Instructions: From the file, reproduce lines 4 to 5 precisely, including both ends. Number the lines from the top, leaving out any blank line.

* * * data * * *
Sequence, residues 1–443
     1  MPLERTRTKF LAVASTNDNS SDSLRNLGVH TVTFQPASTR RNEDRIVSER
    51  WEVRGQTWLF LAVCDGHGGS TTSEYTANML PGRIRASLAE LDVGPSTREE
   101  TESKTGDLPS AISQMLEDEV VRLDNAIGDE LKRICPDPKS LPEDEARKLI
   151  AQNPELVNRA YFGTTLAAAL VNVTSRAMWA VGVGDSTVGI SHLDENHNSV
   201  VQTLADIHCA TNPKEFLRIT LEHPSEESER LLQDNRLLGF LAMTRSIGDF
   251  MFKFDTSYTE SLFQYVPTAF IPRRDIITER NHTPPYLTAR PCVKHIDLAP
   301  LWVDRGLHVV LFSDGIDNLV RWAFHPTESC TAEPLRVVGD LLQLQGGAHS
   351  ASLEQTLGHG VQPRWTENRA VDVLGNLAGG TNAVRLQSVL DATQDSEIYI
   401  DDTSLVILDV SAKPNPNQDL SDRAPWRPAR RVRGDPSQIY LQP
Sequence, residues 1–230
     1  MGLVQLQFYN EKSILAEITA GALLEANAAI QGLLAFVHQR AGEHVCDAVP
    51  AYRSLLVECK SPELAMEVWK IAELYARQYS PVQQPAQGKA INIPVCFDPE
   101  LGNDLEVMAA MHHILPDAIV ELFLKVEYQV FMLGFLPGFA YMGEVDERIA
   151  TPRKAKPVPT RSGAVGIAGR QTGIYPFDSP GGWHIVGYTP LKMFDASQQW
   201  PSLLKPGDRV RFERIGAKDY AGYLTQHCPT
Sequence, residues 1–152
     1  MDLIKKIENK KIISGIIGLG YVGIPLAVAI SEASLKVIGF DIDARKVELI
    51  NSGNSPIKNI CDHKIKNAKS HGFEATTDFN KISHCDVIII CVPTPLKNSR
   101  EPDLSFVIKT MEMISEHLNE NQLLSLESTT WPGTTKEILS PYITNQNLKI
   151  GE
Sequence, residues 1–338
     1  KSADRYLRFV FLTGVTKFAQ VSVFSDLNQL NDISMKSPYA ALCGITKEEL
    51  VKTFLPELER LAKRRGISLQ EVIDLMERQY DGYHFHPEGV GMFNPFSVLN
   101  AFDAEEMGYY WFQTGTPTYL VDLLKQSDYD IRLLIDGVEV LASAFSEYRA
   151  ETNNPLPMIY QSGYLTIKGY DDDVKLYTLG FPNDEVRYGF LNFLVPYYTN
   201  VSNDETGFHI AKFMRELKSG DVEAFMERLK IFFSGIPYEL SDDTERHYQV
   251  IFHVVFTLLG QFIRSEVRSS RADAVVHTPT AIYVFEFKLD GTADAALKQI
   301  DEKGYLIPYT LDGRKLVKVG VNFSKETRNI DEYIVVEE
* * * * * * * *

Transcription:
   101  TESKTGDLPS AISQMLEDEV VRLDNAIGDE LKRICPDPKS LPEDEARKLI
   151  AQNPELVNRA YFGTTLAAAL VNVTSRAMWA VGVGDSTVGI SHLDENHNSV